stroke infographic 2

When a Mini Stroke Isn’t Mini After All

We’re more familiar with the “big” signs of a stroke: drooping facial features, slurred speech, and weakness or the inability to use the limbs on one side of the body. But what about a mini-stroke? Would you recognize one if it happened to you or to someone you know? A public figure was recently diagnosed with a mini-stroke and his only noticeable symptoms were lightheadedness and neck pain.

A transient ischemic attack (TIA), commonly known as a mini-stroke, occurs when stroke symptoms appear briefly—whether for a few minutes or up to an hour.

TIA Symptoms Appear Similar to Early Stroke Symptoms:

  • Weakness, numbness, or paralysis, usually on one side
  • Mumbled speech or confusion when trying to understand others
  • Blindness or double vision affecting one or both eyes
  • Difficulty with balance or coordination

Although TIA symptoms subside quickly, it is still important to seek immediate medical care. A TIA could indicate the potential for a stroke. One in three who first had a TIA will have a stroke—half of them within a year.

A TIA is often caused by plaques built up from fatty cholesterol deposits and decreasing the blood flow through an artery or vein—leading to the formation of a clot, which blocks blood flow to the brain.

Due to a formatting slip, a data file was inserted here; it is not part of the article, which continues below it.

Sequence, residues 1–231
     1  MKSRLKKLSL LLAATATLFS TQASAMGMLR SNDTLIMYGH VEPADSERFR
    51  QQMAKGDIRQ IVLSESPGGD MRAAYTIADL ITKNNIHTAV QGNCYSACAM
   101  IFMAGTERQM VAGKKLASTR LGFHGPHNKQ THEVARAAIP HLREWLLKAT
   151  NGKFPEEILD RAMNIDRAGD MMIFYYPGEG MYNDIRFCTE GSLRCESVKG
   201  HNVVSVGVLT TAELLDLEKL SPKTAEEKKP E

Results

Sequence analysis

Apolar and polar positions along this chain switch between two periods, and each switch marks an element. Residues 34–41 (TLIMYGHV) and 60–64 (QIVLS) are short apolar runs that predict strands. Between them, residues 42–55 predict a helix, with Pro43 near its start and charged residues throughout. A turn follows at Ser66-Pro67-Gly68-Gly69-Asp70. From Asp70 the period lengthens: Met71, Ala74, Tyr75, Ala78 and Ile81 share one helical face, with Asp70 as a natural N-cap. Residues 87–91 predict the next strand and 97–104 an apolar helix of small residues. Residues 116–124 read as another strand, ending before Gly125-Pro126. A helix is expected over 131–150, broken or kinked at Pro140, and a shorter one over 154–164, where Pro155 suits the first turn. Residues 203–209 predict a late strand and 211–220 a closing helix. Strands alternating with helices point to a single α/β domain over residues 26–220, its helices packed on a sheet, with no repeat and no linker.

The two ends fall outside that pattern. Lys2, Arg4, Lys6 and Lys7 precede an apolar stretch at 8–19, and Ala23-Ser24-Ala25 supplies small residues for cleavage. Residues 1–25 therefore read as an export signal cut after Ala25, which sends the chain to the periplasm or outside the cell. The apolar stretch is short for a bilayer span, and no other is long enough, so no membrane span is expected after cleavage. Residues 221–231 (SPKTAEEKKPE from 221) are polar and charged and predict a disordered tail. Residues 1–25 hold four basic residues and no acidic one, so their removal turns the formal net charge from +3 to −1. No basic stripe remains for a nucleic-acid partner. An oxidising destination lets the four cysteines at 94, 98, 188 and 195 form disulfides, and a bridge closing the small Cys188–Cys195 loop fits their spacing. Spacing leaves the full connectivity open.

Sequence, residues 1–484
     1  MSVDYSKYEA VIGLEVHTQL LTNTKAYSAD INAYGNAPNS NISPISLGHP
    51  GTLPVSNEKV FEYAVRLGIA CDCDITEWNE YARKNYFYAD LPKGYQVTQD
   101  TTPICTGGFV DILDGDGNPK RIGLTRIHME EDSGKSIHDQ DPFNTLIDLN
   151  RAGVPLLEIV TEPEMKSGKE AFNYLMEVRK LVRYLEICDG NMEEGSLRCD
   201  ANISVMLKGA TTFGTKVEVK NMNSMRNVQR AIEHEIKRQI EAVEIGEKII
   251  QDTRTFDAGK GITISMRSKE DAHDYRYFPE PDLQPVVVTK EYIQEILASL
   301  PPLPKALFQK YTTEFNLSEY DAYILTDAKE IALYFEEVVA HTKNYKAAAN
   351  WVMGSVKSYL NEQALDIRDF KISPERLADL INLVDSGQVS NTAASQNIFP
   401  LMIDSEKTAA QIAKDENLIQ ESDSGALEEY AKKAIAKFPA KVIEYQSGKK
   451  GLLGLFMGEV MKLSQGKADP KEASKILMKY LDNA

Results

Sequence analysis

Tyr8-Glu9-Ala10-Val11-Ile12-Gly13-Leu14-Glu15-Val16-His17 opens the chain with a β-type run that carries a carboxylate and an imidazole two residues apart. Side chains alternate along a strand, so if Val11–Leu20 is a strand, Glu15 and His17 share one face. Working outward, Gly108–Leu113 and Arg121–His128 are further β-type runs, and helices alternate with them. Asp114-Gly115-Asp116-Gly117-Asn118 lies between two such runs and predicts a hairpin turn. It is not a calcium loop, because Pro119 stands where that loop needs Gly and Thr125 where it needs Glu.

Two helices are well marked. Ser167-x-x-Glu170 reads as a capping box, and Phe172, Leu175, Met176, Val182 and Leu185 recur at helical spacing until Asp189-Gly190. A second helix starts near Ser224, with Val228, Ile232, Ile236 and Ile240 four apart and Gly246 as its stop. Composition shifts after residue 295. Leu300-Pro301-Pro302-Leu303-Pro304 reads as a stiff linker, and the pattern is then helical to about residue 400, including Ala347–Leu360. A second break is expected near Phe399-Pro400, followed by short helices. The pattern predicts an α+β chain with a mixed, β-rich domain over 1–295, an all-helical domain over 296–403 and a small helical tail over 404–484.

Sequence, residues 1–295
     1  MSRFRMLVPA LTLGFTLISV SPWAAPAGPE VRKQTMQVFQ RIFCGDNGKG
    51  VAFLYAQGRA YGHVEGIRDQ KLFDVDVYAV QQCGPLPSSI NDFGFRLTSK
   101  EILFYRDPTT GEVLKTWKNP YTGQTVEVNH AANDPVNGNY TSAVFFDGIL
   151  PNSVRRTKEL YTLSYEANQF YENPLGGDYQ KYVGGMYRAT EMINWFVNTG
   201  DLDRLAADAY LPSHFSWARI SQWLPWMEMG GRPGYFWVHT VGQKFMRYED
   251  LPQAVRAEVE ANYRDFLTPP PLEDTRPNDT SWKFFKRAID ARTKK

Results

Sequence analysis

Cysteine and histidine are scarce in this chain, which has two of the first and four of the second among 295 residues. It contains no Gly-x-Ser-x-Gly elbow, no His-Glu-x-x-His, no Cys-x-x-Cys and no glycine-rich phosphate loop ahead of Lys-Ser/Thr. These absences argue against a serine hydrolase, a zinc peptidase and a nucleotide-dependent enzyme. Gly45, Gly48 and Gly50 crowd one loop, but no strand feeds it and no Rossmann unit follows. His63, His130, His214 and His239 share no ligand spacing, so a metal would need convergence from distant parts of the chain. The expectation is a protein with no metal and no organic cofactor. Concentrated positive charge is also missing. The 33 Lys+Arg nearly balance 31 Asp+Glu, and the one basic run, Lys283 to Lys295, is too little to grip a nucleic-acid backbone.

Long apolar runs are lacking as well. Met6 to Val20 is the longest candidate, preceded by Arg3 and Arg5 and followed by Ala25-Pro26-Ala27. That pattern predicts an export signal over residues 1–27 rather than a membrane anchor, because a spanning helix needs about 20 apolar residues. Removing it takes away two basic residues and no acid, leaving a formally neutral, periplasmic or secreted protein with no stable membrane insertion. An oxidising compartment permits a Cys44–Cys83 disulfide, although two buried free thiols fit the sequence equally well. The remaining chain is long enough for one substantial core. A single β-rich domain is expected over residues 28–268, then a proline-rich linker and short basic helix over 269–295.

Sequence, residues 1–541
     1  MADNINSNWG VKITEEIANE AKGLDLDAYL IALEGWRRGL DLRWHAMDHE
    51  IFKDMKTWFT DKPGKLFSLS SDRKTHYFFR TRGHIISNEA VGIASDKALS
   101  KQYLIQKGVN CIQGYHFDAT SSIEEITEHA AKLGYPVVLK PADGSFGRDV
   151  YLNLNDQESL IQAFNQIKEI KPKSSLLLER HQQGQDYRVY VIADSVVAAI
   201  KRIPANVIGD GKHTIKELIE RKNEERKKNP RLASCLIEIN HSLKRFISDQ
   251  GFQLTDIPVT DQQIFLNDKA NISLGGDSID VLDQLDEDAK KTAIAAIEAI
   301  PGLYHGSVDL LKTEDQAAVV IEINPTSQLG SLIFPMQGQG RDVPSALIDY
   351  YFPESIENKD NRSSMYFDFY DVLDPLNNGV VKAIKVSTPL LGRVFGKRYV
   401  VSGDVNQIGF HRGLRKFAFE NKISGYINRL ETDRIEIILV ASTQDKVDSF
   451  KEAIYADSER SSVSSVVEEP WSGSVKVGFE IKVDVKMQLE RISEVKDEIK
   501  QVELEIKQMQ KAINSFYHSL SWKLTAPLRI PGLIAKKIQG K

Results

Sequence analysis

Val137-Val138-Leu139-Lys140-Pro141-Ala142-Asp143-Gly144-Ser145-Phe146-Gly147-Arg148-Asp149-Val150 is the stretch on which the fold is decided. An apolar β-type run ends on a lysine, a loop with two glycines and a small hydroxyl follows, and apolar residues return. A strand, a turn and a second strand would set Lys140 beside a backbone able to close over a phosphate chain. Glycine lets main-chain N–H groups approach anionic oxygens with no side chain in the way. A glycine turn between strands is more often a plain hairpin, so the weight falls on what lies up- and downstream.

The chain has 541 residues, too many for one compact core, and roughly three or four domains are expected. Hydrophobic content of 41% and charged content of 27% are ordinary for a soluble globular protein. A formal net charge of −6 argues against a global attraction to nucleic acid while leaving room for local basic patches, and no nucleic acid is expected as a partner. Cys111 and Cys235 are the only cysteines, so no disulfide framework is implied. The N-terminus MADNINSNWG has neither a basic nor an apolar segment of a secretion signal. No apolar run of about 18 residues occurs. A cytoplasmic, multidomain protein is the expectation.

Risk Factors You Can’t Control:

  • Family history of TIAs or stroke
  • Age—risk of TIAs is greater after age 55
  • Gender—men are at higher risk, but a woman’s risk increases with age

Risk Factors of a Stroke You Can Control

If you are at risk for TIAs, there are several proactive steps you can take to improve your chances of avoiding them—ranging from monitoring your health conditions to choices you make in achieving a healthier lifestyle.

When you discuss your health concerns with your doctor. He or she will likely screen for these TIA risk factors and other conditions, which can increase the risk of TIAs:

  • High blood pressure or cholesterol
  • Cardiovascular disease
  • Diabetes
  • Elevated homocysteine levels (a type of amino acid in your blood)
  • Overweight

Making deliberate lifestyle changes will also improve your health and potentially reduce your risk of TIA. Choose to stop smoking, be physically active, improve your nutrition, limit alcohol intake, and avoid illegal drugs.

If you or someone you know has had a mini stroke or is at risk for having one, see a doctor and take proactive steps to care for your future health.

Acute Stroke Ready Hospital in Glenwood

Glacial Ridge Hospital is an “Acute Stroke Ready Hospital,” a designated Level IV Trauma Center, and a Critical Access Hospital. In 2010, Glacial Ridge Hospital was one of the first hospitals outside of the Twin Cities to implement telestroke in diagnosing patients with strokes and providing early treatment.